Transport minister questioned on powerful electric bicycles

Electrical assisted bicycles are currently restricted to 25km/h before the motor stops helping the user from going faster, but it seems there is lobbying for change in Ireland.

A growing number of European and other bicycle manufacturers are creating fast electric bicycles which can reach speeds of up to 40km/h with  little effort. 

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A parliamentary question asked by Clare Daly TD (Dublin North, United Left) was told that minister has no current plan to increase the speed allowed. It is unclear who Daly was asking the question for.

Deputy Daly asked: “To ask the Minister for Transport, Tourism and Sport if he has considered increasing the speed limits for electric pedelecs from 15 mph (25 km/h) and increasing the engine size to above 250 watts in view of the fact that the current limits were set in 1978.”

In reply, the minister for transport, Paschal Donohoe (Dublin Central, Fine Gael), wrote: “I have no proposals at this time for amending legislation in relation to pedelecs (electrically assisted bicycles). I will however keep the matter under review.”

Electric bicycles can exceed 25 km/h if the user is pedaling hard, but it’s at that speed that the electric assistance should start to cut out. If the electric assistance continues or if the electric motor operates without the user peddling, the electric bicycle is then considered a normal mechanically propelled vehicle — which requires a licence to use, and both vehicle registration and motor tax to operate on a public road. This law is followed nearly identically across the EU Member States.

There is no “grey area” in the law, electrical bicycles which are rated over the allowed legal limits are not viewed as bicycles but should be treated as classes of electric scooters or mopeds.

In the Netherlands, the bicycle industry is lobbying the Dutch government to row back on their plans to treat faster electric bicycles as mopeds by 2017, which would require the use of motorcycle helmets. The industry argues that most fast electric bicycles won’t reach Dutch moped max speeds of 45km/h and so are not directly comparable to mopeds.

Bicycle industry news publications in recent years have reported on conflicting lobbying at EU level — with representatives of cycling and the bike industry, arguing different ways. One side says that that more electric cycles will endanger the safety of “conventional cyclists” and want the current limits to remain in place. While the other side have argued that faster electric bicycles would make longer distance commutes more attractive by bicycle and that would have environmental and congestion tackling benefits.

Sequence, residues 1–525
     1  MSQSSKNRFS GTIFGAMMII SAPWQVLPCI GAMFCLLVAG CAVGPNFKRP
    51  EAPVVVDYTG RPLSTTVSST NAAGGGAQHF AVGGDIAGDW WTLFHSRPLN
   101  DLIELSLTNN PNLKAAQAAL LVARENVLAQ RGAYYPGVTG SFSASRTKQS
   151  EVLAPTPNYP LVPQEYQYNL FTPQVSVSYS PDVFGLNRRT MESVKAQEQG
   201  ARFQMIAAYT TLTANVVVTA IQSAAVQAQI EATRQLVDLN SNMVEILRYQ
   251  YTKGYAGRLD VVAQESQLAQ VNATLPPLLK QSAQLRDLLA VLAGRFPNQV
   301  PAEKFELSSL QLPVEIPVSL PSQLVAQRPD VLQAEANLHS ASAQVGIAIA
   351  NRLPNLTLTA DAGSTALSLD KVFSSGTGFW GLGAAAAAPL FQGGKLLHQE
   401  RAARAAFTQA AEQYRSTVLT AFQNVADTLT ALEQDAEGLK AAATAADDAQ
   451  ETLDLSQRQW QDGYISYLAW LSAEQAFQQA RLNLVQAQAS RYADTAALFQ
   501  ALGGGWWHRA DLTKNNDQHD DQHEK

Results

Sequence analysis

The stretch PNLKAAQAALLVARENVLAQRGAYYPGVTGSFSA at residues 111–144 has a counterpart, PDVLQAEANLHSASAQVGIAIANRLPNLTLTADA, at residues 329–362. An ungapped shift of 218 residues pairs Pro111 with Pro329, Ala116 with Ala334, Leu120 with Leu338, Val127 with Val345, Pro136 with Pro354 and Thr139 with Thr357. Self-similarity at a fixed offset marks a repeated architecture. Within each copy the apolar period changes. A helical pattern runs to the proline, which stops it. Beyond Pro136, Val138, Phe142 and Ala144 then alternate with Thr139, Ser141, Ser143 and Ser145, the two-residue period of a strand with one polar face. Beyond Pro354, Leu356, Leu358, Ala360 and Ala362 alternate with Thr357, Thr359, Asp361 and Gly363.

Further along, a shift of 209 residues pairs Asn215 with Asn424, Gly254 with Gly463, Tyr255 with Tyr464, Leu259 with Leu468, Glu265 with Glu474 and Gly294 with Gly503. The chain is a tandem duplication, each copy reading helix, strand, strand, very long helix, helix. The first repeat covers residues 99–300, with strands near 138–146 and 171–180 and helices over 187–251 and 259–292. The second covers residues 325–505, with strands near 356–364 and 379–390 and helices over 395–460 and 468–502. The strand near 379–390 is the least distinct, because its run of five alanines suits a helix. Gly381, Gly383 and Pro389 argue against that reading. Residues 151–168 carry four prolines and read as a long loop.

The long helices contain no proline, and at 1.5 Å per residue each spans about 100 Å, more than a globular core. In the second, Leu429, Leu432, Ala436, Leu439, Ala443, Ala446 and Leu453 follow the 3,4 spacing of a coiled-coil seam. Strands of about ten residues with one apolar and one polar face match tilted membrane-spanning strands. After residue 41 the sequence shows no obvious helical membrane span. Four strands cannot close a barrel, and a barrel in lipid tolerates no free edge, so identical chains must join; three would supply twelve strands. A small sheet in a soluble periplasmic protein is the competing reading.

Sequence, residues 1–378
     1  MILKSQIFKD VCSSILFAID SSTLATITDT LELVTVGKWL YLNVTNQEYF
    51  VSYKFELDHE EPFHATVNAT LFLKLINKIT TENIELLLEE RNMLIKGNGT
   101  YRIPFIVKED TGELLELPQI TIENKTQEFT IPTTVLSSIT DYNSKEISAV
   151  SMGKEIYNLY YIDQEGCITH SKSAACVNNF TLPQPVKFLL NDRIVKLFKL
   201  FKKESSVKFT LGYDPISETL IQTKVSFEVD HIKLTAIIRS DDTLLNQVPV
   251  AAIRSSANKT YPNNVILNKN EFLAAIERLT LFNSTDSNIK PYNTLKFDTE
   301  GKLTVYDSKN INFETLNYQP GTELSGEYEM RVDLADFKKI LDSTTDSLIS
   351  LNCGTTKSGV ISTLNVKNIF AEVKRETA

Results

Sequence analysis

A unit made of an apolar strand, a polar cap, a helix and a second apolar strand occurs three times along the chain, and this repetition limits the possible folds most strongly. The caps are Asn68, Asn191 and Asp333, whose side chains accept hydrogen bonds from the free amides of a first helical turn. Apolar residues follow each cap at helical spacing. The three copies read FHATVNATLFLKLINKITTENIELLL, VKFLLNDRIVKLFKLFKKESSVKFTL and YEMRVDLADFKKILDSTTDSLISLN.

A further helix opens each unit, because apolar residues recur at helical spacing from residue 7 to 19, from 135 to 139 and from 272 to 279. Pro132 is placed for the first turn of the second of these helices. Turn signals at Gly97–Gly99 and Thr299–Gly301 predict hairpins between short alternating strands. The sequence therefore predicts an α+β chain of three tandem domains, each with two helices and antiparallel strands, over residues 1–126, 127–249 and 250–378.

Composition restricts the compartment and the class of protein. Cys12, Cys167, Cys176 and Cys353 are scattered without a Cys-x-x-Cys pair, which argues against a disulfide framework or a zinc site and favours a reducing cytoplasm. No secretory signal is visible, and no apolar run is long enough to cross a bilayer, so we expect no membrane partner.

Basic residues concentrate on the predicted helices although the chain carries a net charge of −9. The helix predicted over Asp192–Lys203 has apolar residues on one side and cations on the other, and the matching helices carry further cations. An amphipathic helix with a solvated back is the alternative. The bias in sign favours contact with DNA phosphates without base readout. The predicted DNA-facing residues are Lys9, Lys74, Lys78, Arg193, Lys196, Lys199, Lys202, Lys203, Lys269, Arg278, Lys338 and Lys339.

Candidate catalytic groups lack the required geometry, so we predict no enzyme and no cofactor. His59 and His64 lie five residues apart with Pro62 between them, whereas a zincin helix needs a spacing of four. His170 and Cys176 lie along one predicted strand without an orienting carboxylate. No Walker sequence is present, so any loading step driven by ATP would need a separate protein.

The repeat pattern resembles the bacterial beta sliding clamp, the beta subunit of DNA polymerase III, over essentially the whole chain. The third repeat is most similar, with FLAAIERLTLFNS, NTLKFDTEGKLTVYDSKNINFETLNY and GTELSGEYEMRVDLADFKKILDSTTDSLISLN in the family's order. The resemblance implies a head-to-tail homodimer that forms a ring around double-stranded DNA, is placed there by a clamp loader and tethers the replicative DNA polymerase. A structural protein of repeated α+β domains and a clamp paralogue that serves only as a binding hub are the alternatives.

1. Hi,
    Deputy Daly was asking the question for me, I emailed her asking the question specifically in the context of country roads. I asked about the motor size limit from 250w to 350w, and consequently an increase in speed if the motor was also increased from 36v to 48v.

    Most country roads have no footpath for a cycle commuter to go on, so instead the commuter has to cycle the 5 or 10 miles on the main road which could take up to an hour or more. The problem is the mile-long tailback of cars all traveling at 25kph, where its only safe to overtake periodically.

    If electric cycles were permitted to go at 45kph then many people would get to work and home again much quicker, improving everyone’s happiness.
    Of course there are many cyclists who cannot handle 45kph but nobody is asking them to go that fast, if your car goes 200kph you don’t have to travel everywhere at that speed.
    (incidentally, gloves and a strong helmet is a good idea if you’ll be going fast, especially in poor weather)

    If the 45kph limit was introduced and it meant that bikes had to be licensed, taxed, etc, then I’d be happy to stay at the 25kpm limit instead, then everyone can mind their own business, but if some busybody insists on licensing anyway, then I will ditch the electric assist and travel everywhere at 15kph in the middle of the car lane.
    I guarantee that if all cyclists were to travel in the car lanes instead of the gutter every day, it wouldn’t take long for things to change, especially if the minister for transport was stuck in traffic aswel.

    I think that anyone who has to regularly sit in a crawling commute would appreciate the higher limit, but please no licensing, they’ll be arresting kids in the park next.

  2. Reggie
    I’m sure that these vehicles are bicycles that are modified for transport purpose and are illegal use as suggested by traffic and transportation regulations. By stating the obvious does not give any explanation or suggestions of how to register these vehicles and make them legalised for road use.
    My proposal is Put them into cycles for road use and let all bicycles be tax duty registered with a levy to insurance and a number plate of identification. Some bicycles can do more than 25km/h and are road legal.
    We just want to enjoy our hobbies is it to much for the authorities.

  3. Its not about speed its about torgue,I lived in Netherland and its a flat country so torgue is not importent, Dublin its a different story, Speed limit to 25 kmh its ok. Some of the wheelchair has 350w
    So limit the speed but give the torgue so you can go up the hills,1000w is aprox 1 hors power.

  4. Interesting article from 3 years ago. Does anyone know what is happening with the last spring Motor Vehicle Insurance Directive decision by the EU Commission in the Ireland in 2019?

    News on the the Irish direction around the EU directive seems limited at best.



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